The Brew published an essay last week responding to events in Ferguson written by Rev. Dr. Heber Brown III that opened with a dramatic anecdote.
Brown’s neighbor, who also happens to be a pastor, was awakened at 2 a.m. by police responding to a 911 call that they eventually realized was a mistake, Brown wrote. They were responding to the wrong address.
But the neighbor had at first been told by officers using profanity to get down on the ground, where he was then roughly handcuffed, Brown wrote, describing the incident as told to him by the neighbor. The officers, after realizing the mistake and releasing him, never apologized for their actions.
We asked the Baltimore Police Department for a response and, after the story’s publication, Lt. Eric Kowalczyk, BPD spokesman, confirmed the basic details.
Kowalczyk said officers, who were responding to a July 1st 911 call reporting a violent crime in progress, did go at about 2 a.m. to that location, which they later found to be the wrong address.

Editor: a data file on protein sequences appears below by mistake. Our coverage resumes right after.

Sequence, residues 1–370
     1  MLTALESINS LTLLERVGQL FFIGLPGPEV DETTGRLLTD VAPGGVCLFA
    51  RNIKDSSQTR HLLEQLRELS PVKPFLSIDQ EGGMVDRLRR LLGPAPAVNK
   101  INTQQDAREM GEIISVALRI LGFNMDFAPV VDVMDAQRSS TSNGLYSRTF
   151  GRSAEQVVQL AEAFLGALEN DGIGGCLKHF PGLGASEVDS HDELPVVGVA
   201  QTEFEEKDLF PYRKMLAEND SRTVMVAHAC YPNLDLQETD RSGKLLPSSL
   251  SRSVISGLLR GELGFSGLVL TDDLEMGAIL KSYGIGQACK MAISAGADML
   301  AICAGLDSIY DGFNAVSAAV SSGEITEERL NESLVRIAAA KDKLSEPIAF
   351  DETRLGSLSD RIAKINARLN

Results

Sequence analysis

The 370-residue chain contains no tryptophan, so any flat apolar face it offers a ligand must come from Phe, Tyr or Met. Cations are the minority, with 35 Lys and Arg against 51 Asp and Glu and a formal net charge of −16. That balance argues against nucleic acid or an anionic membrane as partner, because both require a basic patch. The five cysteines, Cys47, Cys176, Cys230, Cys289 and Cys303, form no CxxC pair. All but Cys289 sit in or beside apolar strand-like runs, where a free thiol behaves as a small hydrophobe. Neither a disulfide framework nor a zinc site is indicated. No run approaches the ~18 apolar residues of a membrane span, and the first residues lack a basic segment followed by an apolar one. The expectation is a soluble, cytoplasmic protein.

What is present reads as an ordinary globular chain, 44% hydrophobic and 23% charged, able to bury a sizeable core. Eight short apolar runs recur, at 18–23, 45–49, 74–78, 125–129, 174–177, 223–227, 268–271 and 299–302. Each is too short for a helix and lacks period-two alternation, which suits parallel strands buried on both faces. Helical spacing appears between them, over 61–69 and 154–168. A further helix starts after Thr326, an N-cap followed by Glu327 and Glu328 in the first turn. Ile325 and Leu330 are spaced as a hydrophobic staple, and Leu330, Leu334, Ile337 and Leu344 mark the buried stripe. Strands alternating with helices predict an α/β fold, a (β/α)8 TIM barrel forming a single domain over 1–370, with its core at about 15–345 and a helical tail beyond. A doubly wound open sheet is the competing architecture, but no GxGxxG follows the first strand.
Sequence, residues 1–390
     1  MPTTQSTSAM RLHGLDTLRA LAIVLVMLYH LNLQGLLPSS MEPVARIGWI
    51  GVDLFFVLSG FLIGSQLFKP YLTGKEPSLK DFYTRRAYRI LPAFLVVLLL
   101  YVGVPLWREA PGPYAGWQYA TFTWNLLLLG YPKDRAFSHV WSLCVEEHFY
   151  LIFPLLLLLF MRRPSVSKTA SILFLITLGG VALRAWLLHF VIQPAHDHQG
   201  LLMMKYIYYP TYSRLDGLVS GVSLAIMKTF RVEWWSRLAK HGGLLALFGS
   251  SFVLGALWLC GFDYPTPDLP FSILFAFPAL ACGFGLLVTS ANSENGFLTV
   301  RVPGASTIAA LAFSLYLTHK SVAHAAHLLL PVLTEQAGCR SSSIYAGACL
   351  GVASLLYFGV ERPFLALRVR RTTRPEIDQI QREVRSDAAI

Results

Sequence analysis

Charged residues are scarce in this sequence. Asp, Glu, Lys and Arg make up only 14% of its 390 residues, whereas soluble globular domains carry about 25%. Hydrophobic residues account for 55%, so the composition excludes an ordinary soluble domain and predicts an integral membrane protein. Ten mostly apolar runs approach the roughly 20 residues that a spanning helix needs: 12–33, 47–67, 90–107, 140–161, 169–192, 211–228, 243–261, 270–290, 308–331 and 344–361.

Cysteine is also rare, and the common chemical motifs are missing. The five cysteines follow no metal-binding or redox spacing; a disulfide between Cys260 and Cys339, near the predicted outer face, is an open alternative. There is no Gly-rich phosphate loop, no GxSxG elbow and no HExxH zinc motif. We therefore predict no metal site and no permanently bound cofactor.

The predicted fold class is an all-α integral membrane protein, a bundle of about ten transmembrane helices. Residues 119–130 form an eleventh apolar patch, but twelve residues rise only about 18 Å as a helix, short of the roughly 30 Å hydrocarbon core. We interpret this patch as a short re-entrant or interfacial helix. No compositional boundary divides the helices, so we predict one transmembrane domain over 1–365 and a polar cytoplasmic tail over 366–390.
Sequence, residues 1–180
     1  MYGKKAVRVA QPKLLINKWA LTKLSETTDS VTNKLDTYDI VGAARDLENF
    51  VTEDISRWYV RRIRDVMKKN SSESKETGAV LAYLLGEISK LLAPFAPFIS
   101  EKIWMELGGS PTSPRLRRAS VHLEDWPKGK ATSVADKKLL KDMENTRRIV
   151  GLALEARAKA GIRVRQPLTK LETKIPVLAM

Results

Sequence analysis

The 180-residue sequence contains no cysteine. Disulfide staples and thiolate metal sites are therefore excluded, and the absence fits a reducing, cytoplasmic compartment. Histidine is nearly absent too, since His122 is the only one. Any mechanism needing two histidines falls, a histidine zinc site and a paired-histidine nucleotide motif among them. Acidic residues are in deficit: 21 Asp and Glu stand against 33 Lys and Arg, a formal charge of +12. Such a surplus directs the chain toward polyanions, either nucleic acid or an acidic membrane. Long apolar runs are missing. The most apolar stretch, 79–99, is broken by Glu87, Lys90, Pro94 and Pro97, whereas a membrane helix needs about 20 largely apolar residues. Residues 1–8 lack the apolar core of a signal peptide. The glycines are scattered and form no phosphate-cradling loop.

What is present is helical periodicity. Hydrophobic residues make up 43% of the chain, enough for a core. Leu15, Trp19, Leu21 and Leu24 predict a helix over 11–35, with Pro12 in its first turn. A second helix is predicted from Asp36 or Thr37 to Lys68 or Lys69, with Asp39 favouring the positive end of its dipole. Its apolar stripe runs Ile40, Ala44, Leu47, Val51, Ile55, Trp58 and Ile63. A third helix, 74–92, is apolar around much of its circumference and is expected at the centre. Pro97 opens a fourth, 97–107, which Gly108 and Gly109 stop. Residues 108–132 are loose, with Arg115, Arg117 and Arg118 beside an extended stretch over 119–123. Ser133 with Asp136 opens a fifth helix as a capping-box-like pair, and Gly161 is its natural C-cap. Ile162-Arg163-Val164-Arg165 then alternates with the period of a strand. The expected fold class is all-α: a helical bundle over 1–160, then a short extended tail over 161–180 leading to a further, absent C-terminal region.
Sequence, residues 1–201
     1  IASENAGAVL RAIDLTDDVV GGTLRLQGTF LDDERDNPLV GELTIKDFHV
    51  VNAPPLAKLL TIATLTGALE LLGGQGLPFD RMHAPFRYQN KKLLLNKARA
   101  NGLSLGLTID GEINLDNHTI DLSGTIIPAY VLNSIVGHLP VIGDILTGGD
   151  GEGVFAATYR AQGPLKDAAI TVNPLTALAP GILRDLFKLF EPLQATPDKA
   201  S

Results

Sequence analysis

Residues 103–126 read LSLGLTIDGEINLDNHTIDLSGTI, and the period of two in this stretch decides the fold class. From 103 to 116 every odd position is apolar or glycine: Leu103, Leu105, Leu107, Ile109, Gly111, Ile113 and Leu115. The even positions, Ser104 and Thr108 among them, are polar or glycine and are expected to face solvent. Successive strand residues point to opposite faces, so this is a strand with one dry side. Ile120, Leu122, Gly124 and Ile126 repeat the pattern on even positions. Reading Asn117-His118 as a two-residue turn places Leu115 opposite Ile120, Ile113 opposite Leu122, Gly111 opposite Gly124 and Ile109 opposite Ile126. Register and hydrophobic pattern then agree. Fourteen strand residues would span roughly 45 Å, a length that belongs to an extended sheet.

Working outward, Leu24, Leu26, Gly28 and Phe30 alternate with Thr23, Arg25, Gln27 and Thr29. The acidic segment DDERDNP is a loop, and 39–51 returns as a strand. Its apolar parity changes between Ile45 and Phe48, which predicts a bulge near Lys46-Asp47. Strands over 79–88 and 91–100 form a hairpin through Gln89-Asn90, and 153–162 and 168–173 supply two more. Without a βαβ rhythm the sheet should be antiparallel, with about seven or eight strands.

“The gentleman was handcuffed during the course of the investigation,” Kowalczyk said.
Asked about the allegation of foul language and rough treatment, Kowalczyk said, “You have to remember the context, the 911 call.”
Asked why the officer didn’t apologize after the mistake, Kowalczyk said he could not provide further details of the encounter because it is the basis of a personnel matter.
“The correct reporting was done,” he said, referring to an “Involuntary Detention Report.”
As a result of a complaint made by the man who had been handcuffed, the department’s Community Investigation Unit completed an investigation, Kowalczyk said.
Kowalczyk said he could not, under personnel rules, disclose whether the officer was disciplined.
Brown said his neighbor gave permission for his story to be told in the essay, but did not want his name to be published.